5 Things You Can Do To Help Transfer On And Off Your Wheelchair

October 16, 2015 | 3:17 pm | By Pants Up Easy

If you weren’t always a wheelchair user, then you definitely had to go through an adjustment period once you lost the use of your legs. This can be a very challenging time, full of unintended consequences and unforeseen difficulties. For instance, did you ever think that transferring would become one of your life’s most constant concerns?

By transferring, we’re referring to transferring on and off of your wheelchair, and it’s much harder than it seems. One of the primary purposes of our legs is to provide support: support for our upper torso when we want to do almost anything, such as walk, stand or bend over. But if you don’t have your legs to support you, many ordinary tasks suddenly become taxing, including transferring.

So how can you make this particular task easier? Here are five transferring tips:

Build up your arm strength

This is more of a life tip for wheelchair users, but it will make transferring much easier. When you’re in a wheelchair, you have to transfer pretty regularly, and that involves supporting much of your weight with your arms. Doing some light weightlifting or other exercise to strengthen those arms could do a world of good.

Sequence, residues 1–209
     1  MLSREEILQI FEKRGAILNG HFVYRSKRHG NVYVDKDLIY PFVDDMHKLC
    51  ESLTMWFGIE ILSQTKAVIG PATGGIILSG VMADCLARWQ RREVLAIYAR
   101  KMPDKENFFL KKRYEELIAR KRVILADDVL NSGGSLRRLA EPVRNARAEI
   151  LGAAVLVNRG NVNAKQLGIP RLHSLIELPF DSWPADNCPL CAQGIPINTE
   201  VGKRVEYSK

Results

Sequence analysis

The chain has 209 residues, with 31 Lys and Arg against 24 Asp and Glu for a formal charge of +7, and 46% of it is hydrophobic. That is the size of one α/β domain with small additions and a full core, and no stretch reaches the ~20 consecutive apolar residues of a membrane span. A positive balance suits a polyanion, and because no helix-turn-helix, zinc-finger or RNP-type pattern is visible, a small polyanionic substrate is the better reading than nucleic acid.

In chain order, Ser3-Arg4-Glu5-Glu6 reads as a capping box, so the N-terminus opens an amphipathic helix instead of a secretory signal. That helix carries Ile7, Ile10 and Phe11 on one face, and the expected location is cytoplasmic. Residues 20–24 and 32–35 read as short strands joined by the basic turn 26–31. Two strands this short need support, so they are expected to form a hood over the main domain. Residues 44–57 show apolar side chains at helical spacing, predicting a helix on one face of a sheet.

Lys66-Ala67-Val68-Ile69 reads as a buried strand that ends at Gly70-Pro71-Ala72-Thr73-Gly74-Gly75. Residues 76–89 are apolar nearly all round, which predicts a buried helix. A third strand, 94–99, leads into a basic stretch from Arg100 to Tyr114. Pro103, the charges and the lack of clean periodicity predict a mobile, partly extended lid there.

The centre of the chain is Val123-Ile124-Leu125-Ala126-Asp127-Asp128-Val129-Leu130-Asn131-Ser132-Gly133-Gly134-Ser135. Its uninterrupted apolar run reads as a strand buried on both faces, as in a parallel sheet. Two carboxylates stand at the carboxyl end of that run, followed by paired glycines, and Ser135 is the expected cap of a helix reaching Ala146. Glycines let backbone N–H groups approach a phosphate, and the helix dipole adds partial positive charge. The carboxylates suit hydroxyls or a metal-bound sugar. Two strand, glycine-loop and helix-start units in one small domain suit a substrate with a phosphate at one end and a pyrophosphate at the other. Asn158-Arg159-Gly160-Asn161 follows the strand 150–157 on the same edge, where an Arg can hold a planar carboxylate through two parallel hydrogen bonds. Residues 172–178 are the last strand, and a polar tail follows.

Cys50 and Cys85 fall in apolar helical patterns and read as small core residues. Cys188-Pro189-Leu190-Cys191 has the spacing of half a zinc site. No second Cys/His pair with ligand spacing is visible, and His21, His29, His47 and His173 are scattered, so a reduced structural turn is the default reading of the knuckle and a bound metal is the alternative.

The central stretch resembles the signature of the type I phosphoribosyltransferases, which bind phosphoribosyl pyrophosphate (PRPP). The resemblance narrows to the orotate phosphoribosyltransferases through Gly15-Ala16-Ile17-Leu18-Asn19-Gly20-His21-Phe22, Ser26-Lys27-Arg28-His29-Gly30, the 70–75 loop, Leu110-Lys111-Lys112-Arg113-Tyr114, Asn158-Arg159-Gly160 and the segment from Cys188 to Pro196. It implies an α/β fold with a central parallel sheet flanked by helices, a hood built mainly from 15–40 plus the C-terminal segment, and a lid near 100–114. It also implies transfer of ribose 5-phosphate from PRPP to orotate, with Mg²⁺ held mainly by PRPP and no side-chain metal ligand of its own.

Always use the brakes

Some people seem to think they have complete control of their wheelchair at all times, and a select few kind of do: but why take the risk? It’s just safer to put the brakes on, to prevent untimely rolling or moving.

Grab a hold of your destination

Wherever you’re transferring to, ensure you hold onto something attached. Transferring to a car? Grab the doorframe or put your hand directly on the seat first. Transferring to the couch? Grab the armrest. It doesn’t matter what you hold onto, just grip something to help ease yourself down onto the target area.

Approach the destination at an angle

Your goal when positioning yourself to transfer should be to make the transfer as painless and unobstructed as possible. Therefore, you should come toward the target area at an angle, positioned so the wheelchair is partially facing the target, but with one wheel nearly adjacent to the target. You can see an illustration of this positioning here.

That way, you’ll be able to move toward the target without obstruction, but can still reach out and grab a hold of the target area (as mentioned above).

Get your rear end down first

You need stability when you’re transferring from a wheelchair, and the quickest way to get stable is to get your butt down. Once your rear end is securely down on the target, you know you’re not going anywhere. Then you can pull your feet in and adjust yourself without fear of tumbling.

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